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Milwaukee Co. DA Chisholm explains decision to not indict officer in Hamilton shooting

Milwaukee County District Attorney John Chisholm announced his decision Monday morning to not indict former Milwaukee police officer Christopher Manney in the shooting death of Dontre Hamilton.  Manney shot and killed Hamilton after an apparently violent confrontation in Red Arrow Park April 30.

The DA released a 30-page report detailing findings from several external reports as well as the Medical Examiner's report.

\"Officer Manney was exposed to reasonable risk of death or great bodily harm,\" Chisholm said during a press conference in the Milwaukee County Safety Building.

Chisholm says numerous reports all pointed to a justified shooting, citing witnesses who saw Hamilton take the officer's baton.

\"[Police] are allowed to employ force to stop the threat,\" Chisholm said.  \"As long as the threat is present, they are authorized to use force.\"

But was that force excessive? Chisholm explained Manney fired 14 shots quickly. The DA played a video showing just how fast Manney's weapon can shoot.  The example showed a subject in a shooting range firing 14 shots in just under three seconds.

\"According to the citizen witnesses that saw the majority of the incident, the officer stopped firing as soon as Mr. Hamilton went to the ground,\" Chisholm said.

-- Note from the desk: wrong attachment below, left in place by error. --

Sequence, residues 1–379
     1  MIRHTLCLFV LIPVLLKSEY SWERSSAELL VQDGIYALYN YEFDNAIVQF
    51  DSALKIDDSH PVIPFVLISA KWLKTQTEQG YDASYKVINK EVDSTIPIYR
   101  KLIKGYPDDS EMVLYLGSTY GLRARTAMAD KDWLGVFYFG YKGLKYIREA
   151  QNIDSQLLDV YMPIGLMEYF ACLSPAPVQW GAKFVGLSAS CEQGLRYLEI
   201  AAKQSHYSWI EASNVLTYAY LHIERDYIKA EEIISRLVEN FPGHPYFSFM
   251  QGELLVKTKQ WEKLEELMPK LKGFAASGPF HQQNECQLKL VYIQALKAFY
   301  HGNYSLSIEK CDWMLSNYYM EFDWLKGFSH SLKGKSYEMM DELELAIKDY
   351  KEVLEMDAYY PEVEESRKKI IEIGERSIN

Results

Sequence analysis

No video cameras were pointed at the park when Manney and Hamilton struggled, but Chisholm said his office recorded dozens of witness accounts.

\"Part of the delay is they spent hours and days and a month going through every single report,\" Chisholm said of the state's Department of Criminal Investigation's findings.

But DCI submitted its opinion in early August. Further delay came from waiting on nationally-renowned Use of Force expert Emanuel Kapelsohn's report.

\"In this case, what I needed was a thoroughly independent outside expert,\" Chisholm said. \"I came to no conclusion until I had received that report.\"

Kapelson's work finally came in December 17th, stating \"the amount of force is difficult to question.\"

\"Our obligation is not to tell people necessarily what they want to hear,\" Chisholm said of his position as district attorney.  \"We have to follow our ethical obligations and the law and sometimes that's very difficult.\"

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